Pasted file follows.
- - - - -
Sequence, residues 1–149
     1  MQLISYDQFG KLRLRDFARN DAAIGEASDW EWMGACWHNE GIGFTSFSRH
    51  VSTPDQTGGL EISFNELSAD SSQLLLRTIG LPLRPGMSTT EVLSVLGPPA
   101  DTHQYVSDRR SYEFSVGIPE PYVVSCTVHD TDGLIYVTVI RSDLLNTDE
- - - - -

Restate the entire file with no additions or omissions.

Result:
Sequence, residues 1–149
     1  MQLISYDQFG KLRLRDFARN DAAIGEASDW EWMGACWHNE GIGFTSFSRH
    51  VSTPDQTGGL EISFNELSAD SSQLLLRTIG LPLRPGMSTT EVLSVLGPPA
   101  DTHQYVSDRR SYEFSVGIPE PYVVSCTVHD TDGLIYVTVI RSDLLNTDE